ITALIAN DAYS. By Barbara Grizzuti Harrison. Weidenfeld & Nicolson. 477 pages. $22.95. THIS IS an audacious book, starting with its title. "Italian Days" calls to mind Henry James' "Italian Hours," the great novelist's own evocation of the spell that Italy had cast over him. Barbara Grizzuti Harrison's style also hints of James' influence. It is copious, not spare, oblique and elliptical rather than direct, suggestive rather than declarative.
The author's audacity is also implicit in her intolerance of standard genres. This is a travelogue, but it is much more. It is an emotional tale of a sometimes painful spiritual journey, but one that contains menus and excellent hotel recommendations.
The travelogue is relatively accessible -- at least if you already know Italy -- as Grizzuti Harrison describes her experiences during a lengthy stay in Milan, Venice, Florence, Rome, Naples and parts of the rural south. She draws vivid pictures of places and things that modern tourist culture has left too familiar and stripped of emotional content. The fresh eloquence she brings to her descriptions of the Pantheon, the Roman Forum and the Spanish Steps is a marvelous surprise and rescues these places from the banal.
She accomplishes all this through the relentlessly personal tone of her descriptions. You never forget that it is Barbara Grizzuti Harrison speaking, and that it is her memories, her sense of loss and vulnerability -- or joy -- that infuse these ancient and trivialized stones with new life and poignancy.
That tone darkens, however, when she leaves Rome and heads south, first to Naples and then to her family's ancestral homes in the Abruzzo, Puglia and Calabria. For Italian-Americans, the Italy with the greatest personal resonance is not the Italy of Caesar or Michelangelo or Bernini. It is the south, the Mezzogiornio, the bitter lands from which their grandparents and parents emigrated in the hundreds of thousands so many years ago. Returning to the south is not at all like "returning" to Rome or Florence. Grizzuti Harrison visits her family's hills and villages with the most profound ambivalence, as the subtitle of the chapter on Molise and Abruzzo suggests: "The Mother Country . . . Blessing and Bondage."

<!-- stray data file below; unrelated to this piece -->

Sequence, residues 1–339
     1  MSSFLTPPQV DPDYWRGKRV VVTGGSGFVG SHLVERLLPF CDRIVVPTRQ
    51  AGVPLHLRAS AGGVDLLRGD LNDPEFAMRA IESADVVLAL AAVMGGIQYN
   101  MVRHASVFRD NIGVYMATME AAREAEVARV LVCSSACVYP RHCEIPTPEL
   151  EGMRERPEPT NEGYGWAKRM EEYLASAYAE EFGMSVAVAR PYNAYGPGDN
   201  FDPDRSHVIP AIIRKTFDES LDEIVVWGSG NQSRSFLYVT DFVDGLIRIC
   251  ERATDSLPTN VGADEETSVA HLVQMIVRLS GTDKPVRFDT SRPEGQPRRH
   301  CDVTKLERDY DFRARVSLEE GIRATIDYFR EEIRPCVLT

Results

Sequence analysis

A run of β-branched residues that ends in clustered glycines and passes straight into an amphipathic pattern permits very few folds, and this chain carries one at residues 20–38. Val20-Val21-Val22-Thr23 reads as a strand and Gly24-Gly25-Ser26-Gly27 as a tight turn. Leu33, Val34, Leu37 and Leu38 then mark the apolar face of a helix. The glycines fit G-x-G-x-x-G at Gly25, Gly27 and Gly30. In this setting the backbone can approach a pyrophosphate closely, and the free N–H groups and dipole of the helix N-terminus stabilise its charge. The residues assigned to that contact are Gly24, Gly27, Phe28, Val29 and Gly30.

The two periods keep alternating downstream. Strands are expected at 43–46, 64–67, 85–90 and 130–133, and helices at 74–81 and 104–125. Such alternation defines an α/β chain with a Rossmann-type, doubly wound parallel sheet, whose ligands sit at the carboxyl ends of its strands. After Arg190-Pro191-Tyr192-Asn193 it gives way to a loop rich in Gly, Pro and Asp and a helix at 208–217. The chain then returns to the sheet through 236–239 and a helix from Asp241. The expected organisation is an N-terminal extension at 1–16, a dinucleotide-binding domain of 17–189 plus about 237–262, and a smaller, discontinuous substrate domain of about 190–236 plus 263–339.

The ambivalence flows not so much from the conditions she encounters in the south, but from the way in which the very feel of these places plunges her back into the memories of her parents and family in Brooklyn, the type of obsessively familial Italian-American family that simultaneously supported and smothered, and from which she felt compelled to escape. She thus feared Calabria, much as she feared her Calabrian father's suffocating love.
For all of her ambivalence, however, the journey south turns out to be a journey of reconciliation. On first hearing the language of the Naples waterfront, she remembers the dialect spoken by her immigrant family. She recalls that the language she had come to love in Rome "because of its generosity, its round, open vowels, its rolling consonants," here sounds "always angry . . . crude, excitable, abrupt, dismissive and whiny, too." Naples thus draws her, unpleasantly, back to Brooklyn, but she tells us it also "enlarges my idea of family," and once "one begins to understand, one begins to forgive, and once one begins to forgive, there is no end, one rewrites the story . . ." Eventually, Calabria sheds its terror for her, and she can face her feelings for her mother and father, in all their mingled asperity and sweetness.
The book ends on this same joyful note: "Among the worn coins of sadness and despair is the gold coin of happiness, inexhaustible." The patient reader of this wonderful book will be exhilarated by the tale of a journey through Italy -- and Brooklyn -- to a final reconciliation.
Mark Sargent teaches at the University of Maryland School of Law.